regions moderately increased accumulation observed in recent decades is consistent with
changes in atmospheric circulation and associated increases in winter precipitation
(e.g., southwestern Norway, parts of coastal Alaska, Patagonia, Karakoram, and Fjordland
of the South Island of New Zealand) even as enhanced ablation has led to marked declines
in mass balances in Alaska and Patagonia.
Georg Kaser wrote:

Have many thanks for compiling and editing 3.9. I agree that the "radiatively forced"
and the "amplified hydrological cycle" should be removed and I also agree with Phil's
comment on the "local heat budget". In glaciology, the sum of each energy flux toward
and from the respective snow/ice surface is considered to make up the "local heat
budget". This also includes the sensible heat flux.
There are some other points in the text which I would like to comment:
1. Tropical glaciers are considered those in the South American Andes between Venezuela
and Norhern Boliva, those in East Africa and those in Irian Jaya (New Guinea). In
Chapter 4, Tibetean glaiers are taken as part of the Asian High Mountains (find the
present state Chapter 4.5. "Glaciers and Ice Caps attached).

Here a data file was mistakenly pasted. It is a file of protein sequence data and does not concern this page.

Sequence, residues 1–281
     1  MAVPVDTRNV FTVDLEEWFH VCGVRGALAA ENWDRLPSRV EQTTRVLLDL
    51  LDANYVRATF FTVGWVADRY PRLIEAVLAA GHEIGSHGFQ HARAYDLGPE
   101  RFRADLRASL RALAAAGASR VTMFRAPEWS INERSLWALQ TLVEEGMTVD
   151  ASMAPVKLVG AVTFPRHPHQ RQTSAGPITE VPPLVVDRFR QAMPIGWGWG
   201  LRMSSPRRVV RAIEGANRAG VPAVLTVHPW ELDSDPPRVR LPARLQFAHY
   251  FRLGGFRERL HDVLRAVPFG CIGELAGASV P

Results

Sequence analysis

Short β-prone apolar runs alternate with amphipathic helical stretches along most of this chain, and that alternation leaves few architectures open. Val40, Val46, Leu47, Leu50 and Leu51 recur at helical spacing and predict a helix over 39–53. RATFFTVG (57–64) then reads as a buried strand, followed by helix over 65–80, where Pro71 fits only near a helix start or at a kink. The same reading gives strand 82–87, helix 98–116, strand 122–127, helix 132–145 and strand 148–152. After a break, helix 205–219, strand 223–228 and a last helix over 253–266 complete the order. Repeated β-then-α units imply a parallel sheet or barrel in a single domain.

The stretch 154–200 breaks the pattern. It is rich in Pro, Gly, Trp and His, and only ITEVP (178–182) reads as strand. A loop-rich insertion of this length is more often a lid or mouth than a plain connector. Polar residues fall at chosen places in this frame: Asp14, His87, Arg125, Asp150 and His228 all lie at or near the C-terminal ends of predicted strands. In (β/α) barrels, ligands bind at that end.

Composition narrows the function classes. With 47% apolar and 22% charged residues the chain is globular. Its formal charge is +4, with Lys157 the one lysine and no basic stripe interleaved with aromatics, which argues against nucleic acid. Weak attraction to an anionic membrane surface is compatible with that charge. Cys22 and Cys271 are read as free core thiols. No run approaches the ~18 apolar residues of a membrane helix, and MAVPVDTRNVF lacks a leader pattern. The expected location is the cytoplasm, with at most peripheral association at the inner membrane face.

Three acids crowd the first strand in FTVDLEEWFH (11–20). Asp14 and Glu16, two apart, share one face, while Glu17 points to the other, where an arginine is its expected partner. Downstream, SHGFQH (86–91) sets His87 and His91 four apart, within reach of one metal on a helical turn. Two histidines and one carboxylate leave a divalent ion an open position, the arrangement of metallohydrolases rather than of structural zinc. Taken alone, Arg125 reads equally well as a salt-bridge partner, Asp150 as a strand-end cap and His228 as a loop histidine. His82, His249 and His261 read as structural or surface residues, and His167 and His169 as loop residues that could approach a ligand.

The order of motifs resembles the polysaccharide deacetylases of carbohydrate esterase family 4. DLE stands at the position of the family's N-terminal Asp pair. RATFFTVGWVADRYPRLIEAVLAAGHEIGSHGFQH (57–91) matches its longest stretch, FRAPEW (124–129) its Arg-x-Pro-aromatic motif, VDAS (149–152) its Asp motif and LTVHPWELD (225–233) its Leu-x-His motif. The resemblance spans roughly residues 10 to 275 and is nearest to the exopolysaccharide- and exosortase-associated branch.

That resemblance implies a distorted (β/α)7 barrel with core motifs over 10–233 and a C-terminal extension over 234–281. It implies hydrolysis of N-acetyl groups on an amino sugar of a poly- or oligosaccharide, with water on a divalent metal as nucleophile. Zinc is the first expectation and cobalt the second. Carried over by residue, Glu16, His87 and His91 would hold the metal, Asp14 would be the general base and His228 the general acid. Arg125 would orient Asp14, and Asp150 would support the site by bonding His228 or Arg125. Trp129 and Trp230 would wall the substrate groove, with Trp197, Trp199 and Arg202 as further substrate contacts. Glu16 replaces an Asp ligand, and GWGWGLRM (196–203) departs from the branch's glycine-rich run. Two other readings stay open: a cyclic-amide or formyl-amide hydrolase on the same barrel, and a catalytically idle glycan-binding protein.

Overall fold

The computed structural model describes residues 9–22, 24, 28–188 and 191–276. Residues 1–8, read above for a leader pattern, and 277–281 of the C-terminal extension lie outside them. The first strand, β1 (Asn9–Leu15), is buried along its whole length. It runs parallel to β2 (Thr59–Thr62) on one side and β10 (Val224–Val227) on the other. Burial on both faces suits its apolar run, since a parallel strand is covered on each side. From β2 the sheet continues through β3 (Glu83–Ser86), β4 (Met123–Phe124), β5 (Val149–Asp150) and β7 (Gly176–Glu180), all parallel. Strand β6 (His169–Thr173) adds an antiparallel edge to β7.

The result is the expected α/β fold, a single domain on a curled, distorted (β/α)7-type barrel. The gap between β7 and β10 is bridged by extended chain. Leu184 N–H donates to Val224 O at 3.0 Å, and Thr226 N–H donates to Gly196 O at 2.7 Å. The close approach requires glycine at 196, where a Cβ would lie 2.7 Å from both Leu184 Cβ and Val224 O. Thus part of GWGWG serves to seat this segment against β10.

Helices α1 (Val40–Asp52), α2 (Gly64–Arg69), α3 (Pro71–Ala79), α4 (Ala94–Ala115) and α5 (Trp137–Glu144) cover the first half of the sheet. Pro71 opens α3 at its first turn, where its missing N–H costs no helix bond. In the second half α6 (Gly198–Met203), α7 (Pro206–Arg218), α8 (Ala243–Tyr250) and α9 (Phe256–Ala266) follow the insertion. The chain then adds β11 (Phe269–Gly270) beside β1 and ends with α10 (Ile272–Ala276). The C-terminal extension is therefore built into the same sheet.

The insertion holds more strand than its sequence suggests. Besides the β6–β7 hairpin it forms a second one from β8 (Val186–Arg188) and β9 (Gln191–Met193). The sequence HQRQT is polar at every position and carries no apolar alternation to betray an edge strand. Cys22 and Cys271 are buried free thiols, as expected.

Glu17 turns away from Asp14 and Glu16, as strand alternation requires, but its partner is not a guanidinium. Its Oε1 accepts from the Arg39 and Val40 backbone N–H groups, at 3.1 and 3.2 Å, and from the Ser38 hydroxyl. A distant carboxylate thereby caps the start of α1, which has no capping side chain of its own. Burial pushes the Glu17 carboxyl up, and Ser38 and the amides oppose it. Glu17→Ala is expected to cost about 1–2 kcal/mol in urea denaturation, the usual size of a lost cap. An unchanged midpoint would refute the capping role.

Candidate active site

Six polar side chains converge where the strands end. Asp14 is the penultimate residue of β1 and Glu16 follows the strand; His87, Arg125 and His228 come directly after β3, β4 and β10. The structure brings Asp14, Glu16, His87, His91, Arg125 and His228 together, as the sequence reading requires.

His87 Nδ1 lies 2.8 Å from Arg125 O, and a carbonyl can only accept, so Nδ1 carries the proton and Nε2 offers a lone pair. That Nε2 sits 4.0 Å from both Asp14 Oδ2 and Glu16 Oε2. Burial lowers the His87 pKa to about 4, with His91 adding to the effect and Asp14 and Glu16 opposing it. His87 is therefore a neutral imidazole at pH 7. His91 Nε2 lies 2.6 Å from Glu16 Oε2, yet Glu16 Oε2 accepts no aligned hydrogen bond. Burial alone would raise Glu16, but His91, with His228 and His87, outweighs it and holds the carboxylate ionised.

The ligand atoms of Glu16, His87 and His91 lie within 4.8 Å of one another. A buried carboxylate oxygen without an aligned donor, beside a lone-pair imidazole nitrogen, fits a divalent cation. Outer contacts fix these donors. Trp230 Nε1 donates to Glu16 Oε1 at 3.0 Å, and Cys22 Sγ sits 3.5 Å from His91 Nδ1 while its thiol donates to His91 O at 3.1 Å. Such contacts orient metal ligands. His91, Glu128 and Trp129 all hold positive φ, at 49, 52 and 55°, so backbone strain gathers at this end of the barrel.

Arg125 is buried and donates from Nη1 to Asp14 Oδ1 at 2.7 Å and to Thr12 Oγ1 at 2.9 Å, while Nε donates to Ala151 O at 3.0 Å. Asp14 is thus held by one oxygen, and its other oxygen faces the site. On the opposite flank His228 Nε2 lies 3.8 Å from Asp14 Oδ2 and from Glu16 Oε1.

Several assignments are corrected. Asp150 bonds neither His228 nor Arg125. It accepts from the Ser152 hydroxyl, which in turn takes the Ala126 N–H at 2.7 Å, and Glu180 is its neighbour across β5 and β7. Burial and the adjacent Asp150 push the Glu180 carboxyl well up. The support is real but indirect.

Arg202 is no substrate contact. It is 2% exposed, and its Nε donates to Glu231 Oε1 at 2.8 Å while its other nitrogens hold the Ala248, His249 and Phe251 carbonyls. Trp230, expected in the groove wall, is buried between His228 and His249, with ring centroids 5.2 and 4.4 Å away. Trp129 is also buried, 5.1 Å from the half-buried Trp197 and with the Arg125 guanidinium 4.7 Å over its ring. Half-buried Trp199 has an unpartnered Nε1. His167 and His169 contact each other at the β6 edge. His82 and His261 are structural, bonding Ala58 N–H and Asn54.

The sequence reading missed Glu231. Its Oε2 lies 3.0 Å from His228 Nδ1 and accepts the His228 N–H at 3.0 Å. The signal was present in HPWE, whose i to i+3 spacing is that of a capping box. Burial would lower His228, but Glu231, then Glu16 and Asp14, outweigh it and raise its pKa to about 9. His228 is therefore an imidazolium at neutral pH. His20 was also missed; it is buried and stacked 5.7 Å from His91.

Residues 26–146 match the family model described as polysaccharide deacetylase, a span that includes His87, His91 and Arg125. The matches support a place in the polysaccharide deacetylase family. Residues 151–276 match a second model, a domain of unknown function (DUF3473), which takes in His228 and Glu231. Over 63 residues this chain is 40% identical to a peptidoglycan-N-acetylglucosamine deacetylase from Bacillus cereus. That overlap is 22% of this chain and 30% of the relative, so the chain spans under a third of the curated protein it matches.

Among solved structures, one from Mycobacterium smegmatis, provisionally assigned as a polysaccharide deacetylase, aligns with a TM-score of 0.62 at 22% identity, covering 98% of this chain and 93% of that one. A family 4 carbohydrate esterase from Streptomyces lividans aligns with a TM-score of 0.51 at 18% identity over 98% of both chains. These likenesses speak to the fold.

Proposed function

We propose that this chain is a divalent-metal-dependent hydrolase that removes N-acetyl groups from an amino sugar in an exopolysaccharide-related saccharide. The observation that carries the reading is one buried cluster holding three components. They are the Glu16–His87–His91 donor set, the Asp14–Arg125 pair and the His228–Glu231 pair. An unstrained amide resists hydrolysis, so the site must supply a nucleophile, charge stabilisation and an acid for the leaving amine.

2. Alaska, Patagonia, Karakoram, Norway and NZ cannot be merged in the respective
statement. In Alaska and Patagonia, moderately increase accumulation is accompanied by
strongly enhanced ablation making the mass balances markedly negative. From
glaciological site, no studies concerning atmospheric circulation patterns are provided
in the respective studies.
In the Karakoram mountains, enhanced accumulation has led to considerable glacier
advances, increased winter accumulation from the Westerlies is only suggested but not
subject of detailed studies. Heavy debris loads on the tongues probably prevent from
enhanced abaltion.
In Southwest Norway and NZ South Island, glaciers advances have ceded around 2000. I
don't know whether their advances shall still be mentioned in extension; I would not do
so beyond the respective statement in Ch. 4.5.
3. "If continued, some may disappear within the next 30 years." This sentence can stand